Bank of America's corporate center in Charlotte, N.C.
Credit Scott Olson / Getty Images
While denying it did anything wrong, Bank of America announced this morning it will pay "$2.43 billion and institute certain corporate governance policies ... to settle a class action lawsuit brought in 2009 on behalf of investors who purchased or held Bank of America securities at the time the company announced plans to acquire Merrill Lynch."
European finance ministers have asked Spain if it might need a few bucks to tide it over - in particular, $125 billion to prop up failing banks. The Spanish government is expected to announce today how much of that sum it will need.
Shoring up banks is one step Spain is taking to prevent economic collapse. Another step is to slash more than $50 billion dollars in spending.
Lauren Frayer reports from Madrid on Spain's new budget, unveiled last night.
The convenience store chain is allowing customers to choose: coffee in a blue cup for President Obama, or a red cup for Mitt Romney. And for the undecided, or those just indifferent to politics, they can request a plain cup. The company tabulates the choices at the register and results are posted daily on its 7-Election website.
The report from the National Association of Colleges and Employers says hiring for the upcoming class of graduates will jump 13 percent from a year ago. But the improvement won't get the job market for new grads back to where it was before the recession.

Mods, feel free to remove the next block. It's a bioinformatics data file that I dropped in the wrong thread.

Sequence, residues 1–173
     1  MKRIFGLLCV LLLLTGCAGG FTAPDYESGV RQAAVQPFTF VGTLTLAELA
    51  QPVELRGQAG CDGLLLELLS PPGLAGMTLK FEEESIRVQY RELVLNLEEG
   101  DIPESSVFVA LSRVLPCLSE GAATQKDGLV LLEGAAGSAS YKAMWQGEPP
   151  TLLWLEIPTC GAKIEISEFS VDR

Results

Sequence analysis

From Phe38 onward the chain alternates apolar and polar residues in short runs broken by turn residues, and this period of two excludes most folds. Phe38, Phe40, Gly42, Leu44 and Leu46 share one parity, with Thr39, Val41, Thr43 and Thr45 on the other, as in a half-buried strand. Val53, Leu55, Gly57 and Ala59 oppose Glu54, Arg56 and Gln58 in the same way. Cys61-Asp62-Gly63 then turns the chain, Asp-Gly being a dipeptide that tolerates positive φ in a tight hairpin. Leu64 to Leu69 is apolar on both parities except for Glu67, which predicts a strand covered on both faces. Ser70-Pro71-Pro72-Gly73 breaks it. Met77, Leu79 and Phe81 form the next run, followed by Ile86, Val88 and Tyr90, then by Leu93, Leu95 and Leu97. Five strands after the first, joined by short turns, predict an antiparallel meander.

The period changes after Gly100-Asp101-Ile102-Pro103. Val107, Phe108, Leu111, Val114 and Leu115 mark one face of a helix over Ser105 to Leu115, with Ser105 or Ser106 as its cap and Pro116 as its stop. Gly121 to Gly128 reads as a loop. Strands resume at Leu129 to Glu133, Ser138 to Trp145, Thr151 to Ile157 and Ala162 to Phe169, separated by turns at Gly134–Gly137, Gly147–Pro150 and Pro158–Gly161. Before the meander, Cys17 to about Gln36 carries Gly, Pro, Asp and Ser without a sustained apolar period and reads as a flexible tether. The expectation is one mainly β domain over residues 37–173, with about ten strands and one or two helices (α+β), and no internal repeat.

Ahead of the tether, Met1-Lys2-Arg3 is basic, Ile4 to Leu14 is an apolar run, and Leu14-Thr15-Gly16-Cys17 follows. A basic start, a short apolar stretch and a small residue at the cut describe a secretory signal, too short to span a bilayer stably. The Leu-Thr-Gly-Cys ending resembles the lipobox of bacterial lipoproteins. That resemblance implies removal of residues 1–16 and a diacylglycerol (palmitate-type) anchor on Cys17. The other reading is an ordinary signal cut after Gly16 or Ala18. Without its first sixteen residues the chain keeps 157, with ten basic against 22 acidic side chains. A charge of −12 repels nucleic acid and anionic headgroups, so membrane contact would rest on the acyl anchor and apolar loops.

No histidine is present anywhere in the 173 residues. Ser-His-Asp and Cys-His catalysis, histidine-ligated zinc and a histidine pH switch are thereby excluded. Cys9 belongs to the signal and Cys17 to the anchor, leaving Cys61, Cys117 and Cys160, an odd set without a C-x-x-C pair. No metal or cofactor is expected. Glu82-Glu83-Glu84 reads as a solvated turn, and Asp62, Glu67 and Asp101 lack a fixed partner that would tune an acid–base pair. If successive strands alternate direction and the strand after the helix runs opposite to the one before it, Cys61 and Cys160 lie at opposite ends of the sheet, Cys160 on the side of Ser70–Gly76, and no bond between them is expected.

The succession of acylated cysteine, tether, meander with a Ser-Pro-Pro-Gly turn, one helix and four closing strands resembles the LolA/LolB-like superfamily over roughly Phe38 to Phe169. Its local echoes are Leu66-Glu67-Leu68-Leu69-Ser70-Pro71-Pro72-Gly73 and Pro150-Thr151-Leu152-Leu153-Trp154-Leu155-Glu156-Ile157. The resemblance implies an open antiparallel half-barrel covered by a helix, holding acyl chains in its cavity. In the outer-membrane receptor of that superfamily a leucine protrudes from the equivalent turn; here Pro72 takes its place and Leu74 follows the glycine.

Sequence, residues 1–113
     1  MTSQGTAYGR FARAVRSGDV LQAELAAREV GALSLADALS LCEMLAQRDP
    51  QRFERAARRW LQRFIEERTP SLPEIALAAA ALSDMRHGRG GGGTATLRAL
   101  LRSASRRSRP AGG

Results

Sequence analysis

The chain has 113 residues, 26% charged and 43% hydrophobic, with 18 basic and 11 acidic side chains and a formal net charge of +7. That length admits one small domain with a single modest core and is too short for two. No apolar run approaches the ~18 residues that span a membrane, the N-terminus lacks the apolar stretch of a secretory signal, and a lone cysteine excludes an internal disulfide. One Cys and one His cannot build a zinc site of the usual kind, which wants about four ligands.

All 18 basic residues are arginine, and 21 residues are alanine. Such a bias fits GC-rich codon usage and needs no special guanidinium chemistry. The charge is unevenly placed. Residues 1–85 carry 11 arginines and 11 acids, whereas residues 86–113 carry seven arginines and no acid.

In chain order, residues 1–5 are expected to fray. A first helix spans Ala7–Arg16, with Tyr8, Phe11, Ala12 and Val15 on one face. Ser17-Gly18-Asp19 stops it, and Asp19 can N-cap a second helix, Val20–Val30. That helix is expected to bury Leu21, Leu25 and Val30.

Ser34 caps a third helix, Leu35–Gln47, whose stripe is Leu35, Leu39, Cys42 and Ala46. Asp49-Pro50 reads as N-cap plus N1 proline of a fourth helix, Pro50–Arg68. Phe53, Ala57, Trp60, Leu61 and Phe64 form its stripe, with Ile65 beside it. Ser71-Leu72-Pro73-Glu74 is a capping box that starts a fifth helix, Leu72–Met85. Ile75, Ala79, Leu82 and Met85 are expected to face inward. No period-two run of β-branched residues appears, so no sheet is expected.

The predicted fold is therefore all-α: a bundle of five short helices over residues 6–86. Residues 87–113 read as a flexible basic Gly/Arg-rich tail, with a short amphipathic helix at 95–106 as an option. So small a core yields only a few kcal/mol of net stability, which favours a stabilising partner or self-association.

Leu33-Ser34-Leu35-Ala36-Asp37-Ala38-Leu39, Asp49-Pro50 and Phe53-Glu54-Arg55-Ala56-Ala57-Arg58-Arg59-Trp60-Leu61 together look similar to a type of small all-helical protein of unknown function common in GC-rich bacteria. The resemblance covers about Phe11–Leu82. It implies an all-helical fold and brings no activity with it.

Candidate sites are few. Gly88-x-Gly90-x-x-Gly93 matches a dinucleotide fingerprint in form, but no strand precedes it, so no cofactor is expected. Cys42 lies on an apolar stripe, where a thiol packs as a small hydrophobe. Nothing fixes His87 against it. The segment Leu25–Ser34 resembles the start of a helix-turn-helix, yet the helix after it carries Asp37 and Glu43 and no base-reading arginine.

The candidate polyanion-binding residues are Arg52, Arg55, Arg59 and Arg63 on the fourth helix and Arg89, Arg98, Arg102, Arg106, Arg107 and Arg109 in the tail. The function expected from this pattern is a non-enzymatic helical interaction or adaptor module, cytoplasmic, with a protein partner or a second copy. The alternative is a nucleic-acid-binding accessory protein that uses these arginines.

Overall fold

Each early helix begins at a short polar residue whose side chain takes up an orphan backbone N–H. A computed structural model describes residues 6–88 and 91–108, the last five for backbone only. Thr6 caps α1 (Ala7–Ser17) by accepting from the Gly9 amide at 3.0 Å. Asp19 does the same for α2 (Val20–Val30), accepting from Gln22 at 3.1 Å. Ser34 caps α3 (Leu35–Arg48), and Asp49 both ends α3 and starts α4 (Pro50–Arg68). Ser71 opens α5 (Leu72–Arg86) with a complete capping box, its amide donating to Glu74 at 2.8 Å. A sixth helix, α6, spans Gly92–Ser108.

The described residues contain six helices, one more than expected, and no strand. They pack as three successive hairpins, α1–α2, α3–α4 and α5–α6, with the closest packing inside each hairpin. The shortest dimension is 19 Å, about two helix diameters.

PNC Bank says its website is the latest victim of a denial of service attack. Users who tried to access the bank's websites had trouble loading the pages, or couldn't get into their accounts. But officials say the accounts were not compromised.
Specialist David Pologruto works at his post on the floor of the New York Stock Exchange on Sept. 13, as Federal Reserve Chairman Ben Bernanke holds a news conference in Washington. The world's central banks are easing credit, putting more money into the global economy.
The world's central banks are pumping cash into their economies, pushing down interest rates in hopes the ready cash and lower rates will boost borrowing and economic activity. Everyone agrees the action is dramatic and unprecedented, but there's disagreement over whether they will do more harm than good.
Economists know very well the trillions of dollars being added by the central banks to the global economy can be risky.
"These are risks about long-term rises in inflation, housing bubbles potentially building up," says Jacob Kirkegaard of the Peterson Institute.